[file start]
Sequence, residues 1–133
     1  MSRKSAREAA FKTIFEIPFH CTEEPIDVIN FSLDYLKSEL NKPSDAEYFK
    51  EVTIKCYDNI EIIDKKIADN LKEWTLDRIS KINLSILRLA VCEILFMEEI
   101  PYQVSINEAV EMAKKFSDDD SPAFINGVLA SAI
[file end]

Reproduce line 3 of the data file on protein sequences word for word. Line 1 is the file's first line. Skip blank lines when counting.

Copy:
    51  EVTIKCYDNI EIIDKKIADN LKEWTLDRIS KINLSILRLA VCEILFMEEI